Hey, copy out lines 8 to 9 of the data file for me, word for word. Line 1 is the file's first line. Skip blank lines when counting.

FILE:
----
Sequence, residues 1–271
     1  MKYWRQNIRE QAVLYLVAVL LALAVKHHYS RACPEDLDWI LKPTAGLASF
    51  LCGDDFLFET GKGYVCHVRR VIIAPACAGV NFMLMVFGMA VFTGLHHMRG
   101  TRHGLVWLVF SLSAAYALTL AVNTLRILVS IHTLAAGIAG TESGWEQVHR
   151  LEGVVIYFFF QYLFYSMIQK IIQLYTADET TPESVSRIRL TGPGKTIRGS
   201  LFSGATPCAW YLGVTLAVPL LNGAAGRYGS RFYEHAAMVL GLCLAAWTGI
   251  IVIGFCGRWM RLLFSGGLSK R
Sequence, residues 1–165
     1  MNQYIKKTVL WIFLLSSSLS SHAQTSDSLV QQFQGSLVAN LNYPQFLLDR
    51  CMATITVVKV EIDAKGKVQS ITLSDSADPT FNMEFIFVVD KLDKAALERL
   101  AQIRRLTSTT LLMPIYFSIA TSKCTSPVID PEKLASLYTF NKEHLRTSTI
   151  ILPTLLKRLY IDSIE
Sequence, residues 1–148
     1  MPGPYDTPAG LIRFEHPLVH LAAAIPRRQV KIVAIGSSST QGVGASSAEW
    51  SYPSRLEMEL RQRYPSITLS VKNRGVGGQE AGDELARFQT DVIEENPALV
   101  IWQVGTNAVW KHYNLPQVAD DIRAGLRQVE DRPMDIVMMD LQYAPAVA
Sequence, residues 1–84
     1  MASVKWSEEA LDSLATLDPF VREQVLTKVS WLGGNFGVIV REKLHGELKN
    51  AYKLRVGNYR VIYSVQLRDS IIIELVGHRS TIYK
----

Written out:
Sequence, residues 1–165
     1  MNQYIKKTVL WIFLLSSSLS SHAQTSDSLV QQFQGSLVAN LNYPQFLLDR